Grades: 9-12.
Novelinks: Reading Strategies/Unit Plan. Grades: 9-12.

Sid Fleischman. Birthday. Born March 16, 1920. Fleischman is a children's book author. He won the Newbery Medal in 1987 for The Whipping Boy. Be sure to visit the author's Web site.



St. Patrick's Day. Commemoration. Born in the late 5th century in Wales, Patrick was taken prisoner at age 16 by Irish raiders and transported to Ireland. There he remained for six years in captivity until he escaped. Back in Britain, he joined the Catholic Church. After was eventually consecrated as the church's missionary to Ireland. In 432, he returned to Ireland. By his death on March 17, 460 or 461, nearly the entire country was Christian. For more information, visit the History Channel's Web site.



Lois Lowry. Birthday. Born March 20, 1937. Lowry is a children's book author and Newbery Medal winner for Number the Stars and The Giver. For a brief biography, visit the teenreads Web site.

Bill Martin, Jr. Anniversary of Birth. Born March 20, 1916; Died 2004. Martin was a children's book author. Best known for Brown Bear, Brown Bear, What Did You See? and Chicka Chicka Boom Boom. Go here to watch a video interview with the author.

National Agriculture Day. According to the Agriculture Council of America, this day is a "time when producers, agricultural associations, corporations, universities, government agencies and countless others across America gather to recognize and celebrate the abundance provided by agriculture." For more information visit the ACA Web site.

Spring Arrives. Spring officially arrives in the Northern Hemisphere.

Uncle Tom's Cabin Published. Written by Harriet Beecher Stowe and published in 1852, the anti-slave novel had sold 300,000 copies within three months. The book had a major influence on how Americans viewed slavery. When President Lincoln met Stowe in 1862, he is reported to have said, "So this is the little lady who made this big war."



Johann Sebastian Bach. Birthday. Born March 21, 1685; Died July 28, 1750. Bach is considered by many to be the world's greatest western composer.

David Wisniewski. Birthday. Born March 21, 1953; Died September 11, 2002. Wisniewski was a storyteller and illustrator. His book, Golem, was awarded the Caldecott Medal in 1997. For a brief biography, go here.



Randolph Caldecott. Birthday. Born March 22, 1846; Died 1886. Caldecott was a children's book illustrator. The coveted Caldecott Medal is awarded annually by the Association for Library Service "to the artist of the most distinguished American picture book for children." For more information about Randolph Caldecott, go here. For more information about the Caldecott Medal, go here.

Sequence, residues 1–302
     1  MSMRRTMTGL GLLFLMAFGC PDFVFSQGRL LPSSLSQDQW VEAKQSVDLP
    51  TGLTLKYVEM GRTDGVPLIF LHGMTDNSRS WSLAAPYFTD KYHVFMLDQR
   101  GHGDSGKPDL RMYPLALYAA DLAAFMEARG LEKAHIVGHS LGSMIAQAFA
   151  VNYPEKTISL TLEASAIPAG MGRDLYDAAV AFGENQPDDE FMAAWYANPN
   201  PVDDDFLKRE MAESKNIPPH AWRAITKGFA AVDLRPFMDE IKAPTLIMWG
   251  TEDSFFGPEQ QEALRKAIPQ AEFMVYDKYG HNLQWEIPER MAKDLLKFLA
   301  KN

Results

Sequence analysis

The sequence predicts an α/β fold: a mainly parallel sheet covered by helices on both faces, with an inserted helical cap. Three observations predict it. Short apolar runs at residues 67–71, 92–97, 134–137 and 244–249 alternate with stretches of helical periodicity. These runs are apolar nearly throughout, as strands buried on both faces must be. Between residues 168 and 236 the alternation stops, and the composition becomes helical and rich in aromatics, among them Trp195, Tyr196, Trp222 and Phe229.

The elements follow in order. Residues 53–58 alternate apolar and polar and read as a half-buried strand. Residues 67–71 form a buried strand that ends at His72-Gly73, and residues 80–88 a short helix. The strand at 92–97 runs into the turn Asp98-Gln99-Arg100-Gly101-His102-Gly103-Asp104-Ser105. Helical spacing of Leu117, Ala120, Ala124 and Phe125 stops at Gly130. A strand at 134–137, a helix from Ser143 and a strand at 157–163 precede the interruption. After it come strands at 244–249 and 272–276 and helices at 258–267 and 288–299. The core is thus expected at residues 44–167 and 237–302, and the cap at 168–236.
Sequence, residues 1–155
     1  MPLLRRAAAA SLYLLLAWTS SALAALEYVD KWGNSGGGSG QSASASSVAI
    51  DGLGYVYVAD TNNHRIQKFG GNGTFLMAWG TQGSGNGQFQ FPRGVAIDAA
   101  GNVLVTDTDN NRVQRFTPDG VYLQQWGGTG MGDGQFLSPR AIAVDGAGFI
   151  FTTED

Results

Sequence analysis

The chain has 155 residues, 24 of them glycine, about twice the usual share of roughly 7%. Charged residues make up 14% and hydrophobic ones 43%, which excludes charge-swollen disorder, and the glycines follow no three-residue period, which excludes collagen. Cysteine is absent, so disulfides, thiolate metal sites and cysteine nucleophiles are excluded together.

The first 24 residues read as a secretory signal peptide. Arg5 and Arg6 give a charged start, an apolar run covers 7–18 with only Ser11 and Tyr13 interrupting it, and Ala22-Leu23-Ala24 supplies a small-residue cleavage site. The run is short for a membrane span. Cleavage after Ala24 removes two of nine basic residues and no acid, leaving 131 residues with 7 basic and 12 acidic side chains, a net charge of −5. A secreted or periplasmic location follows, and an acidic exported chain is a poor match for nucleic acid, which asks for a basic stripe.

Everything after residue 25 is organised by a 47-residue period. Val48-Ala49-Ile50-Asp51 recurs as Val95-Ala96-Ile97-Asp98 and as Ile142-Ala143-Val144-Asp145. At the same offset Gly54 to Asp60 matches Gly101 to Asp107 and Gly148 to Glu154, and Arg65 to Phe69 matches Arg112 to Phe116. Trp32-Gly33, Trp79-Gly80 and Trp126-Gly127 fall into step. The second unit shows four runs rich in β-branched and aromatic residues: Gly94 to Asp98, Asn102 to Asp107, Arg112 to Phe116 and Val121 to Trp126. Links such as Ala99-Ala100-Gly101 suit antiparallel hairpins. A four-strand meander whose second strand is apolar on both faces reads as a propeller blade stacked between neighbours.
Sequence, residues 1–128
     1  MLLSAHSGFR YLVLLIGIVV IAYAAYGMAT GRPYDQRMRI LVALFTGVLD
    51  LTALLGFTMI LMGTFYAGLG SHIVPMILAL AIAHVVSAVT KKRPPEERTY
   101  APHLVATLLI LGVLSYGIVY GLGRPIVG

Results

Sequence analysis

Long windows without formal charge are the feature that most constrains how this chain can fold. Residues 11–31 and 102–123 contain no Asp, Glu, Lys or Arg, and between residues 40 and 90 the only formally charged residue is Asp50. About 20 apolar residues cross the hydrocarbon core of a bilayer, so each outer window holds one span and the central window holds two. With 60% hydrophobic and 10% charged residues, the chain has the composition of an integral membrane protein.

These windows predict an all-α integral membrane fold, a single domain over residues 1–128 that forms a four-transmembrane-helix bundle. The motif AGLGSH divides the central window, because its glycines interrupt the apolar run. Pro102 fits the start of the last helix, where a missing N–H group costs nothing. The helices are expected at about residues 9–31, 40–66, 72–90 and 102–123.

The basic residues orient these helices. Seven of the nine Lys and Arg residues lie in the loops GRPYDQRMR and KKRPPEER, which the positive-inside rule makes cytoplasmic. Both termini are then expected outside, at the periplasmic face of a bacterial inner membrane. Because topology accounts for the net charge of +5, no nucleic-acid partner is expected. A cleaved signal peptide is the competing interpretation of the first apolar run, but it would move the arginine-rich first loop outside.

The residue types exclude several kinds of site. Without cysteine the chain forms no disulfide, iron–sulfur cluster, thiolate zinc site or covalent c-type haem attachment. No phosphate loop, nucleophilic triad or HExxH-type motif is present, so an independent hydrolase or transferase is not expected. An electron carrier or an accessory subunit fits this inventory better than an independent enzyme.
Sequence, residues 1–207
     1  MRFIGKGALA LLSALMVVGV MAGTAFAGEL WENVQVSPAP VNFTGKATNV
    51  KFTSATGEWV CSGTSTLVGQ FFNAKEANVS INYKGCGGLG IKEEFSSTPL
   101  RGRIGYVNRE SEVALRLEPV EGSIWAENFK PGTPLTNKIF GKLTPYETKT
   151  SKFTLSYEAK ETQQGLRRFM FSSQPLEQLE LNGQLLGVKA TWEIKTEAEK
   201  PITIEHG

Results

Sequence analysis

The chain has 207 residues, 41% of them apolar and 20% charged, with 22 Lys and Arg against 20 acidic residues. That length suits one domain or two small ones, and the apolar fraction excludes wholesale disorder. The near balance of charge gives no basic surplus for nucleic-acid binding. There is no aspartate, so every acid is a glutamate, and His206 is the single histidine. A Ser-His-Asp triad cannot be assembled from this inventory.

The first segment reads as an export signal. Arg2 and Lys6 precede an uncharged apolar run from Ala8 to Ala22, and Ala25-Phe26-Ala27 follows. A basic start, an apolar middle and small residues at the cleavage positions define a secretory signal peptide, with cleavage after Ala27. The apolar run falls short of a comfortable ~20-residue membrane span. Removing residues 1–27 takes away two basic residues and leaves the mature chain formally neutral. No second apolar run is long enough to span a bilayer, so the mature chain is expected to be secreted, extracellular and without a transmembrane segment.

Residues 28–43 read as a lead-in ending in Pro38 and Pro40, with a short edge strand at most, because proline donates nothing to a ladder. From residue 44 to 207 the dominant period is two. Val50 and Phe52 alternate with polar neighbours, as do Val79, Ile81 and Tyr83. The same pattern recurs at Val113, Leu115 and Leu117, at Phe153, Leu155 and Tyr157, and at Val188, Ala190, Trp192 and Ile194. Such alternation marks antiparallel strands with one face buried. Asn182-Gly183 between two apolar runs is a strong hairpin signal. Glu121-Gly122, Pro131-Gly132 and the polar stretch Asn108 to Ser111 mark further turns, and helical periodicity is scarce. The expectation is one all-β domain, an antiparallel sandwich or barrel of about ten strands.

Liberty Day.
March 23, 1775. Patrick Henry delivered on this day his famous speech in front of the second Virginia Convention wherein he declared, "I know not what course others may take, but as for me, give me liberty or give me death."


Triangle Shirtwaist Factory Fire. Anniversary. On this day in 1911, Triangle Shirtwaist, a garment shop in New York City, caught fire. Due to lack of fire escapes and available exit doors, 146 women—mostly young immigrants—died in the blaze or fell to their deaths from open windows on upper floors. It remains the worst factory fire in the history of New York City. For more information, go here.


Robert Frost. Birthday. Born March 26, 1874; Died January 29, 1963. Frost was a leading 20th-century American poet and four-time winner of the Pulitzer Prize. For more information, go here.

Sandra Day O'Connor. Birthday. Born March 26, 1930. O'Connor was the first female United States Supreme Court justice, serving from 1981-2006.



Barnum & Bailey Join Forces. Anniversary. On March 28, 1881, Phineas Taylor Barnum joined with James A. Bailey to create P.T. Barnum's Greatest Show On Earth®. Although Barnum and Bailey "went their separate ways" in 1885, they once again joined forces in 1888 and toured the United States as "Barnum & Bailey Greatest Show on Earth." For more information, activities, and resources, go here.



15th Amendment Adopted. Anniversary. The 15th Amendment to the United States Constitution was officially adopted on this day in 1870. It declares: "The right of citizens of the United States to vote shall not be denied or abridged by the United States or by any State on account of race, color, or previous condition of servitude." Note: This applied only to males.

United States Purchases Alaska. Anniversary. On this day in 1867, the United States Secretary of State William H. Seward signed a treaty with Russia to purchase Alaska. The price: $7 million total, or approximately two cents an acre. Still, the purchase was characterized by some as "Seward's Folly." For more information, visit this Library of Congress Web page.

Vincent Van Gogh. Birthday.
Born March 30, 1853; Died July 29, 1890. Van Gogh was a Dutch post-impressionist artist. For more information, go here.



Eiffel Tower Dedicated. Anniversary. Built to commemorate the centenary of the French Revolution, the iron tower was dedicated on this day in 1889 in Paris, France. For more information visit the Official Site of the Eiffel Tower.